This paper evaluates a burgeoning literature on the effects of the 1996 welfare reform bill. Our goal is to shift the debate from the current preoccupation with declining caseloads to one focused on the social and economic well-being of fragile families, single mothers, and children. The welfare reform literature reveals many positive changes: reduced poverty rates, lower out-of-wedlock childbearing, greater family stability, and little indication of more spouse abuse or child neglect. But it is too early to claim success and many questions remain unanswered. Poverty remains high among single mothers and their children; welfare recipients experience serious barriers to stable employment; and poor women and children face an uncertain economic and social future as welfare eligibility is exhausted and the economy wanes. With the welfare debate shifting to family and child well-being, sociology has an important policy role to play as the next phase of welfare reform begins after the 2002 reauthorization.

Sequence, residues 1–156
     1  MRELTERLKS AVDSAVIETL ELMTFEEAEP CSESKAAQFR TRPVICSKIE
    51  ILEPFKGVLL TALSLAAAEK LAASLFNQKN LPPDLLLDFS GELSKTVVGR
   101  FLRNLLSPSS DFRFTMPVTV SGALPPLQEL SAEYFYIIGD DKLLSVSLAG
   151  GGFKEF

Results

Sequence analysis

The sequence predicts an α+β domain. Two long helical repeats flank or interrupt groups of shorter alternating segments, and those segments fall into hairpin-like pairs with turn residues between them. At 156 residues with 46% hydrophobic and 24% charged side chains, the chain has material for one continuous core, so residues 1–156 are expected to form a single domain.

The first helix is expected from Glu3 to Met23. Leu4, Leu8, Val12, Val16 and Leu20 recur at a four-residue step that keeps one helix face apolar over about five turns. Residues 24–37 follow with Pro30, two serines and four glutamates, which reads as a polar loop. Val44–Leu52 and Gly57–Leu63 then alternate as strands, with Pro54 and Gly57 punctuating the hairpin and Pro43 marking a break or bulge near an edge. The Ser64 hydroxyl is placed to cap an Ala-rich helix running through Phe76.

Article metrics loading...

Loading full text...

Full text loading...

  • Article Type: Review Article
This is a required field
Please enter a valid email address
Approval was a Success
Invalid data
An Error Occurred
Approval was partially successful, following selected items could not be processed due to error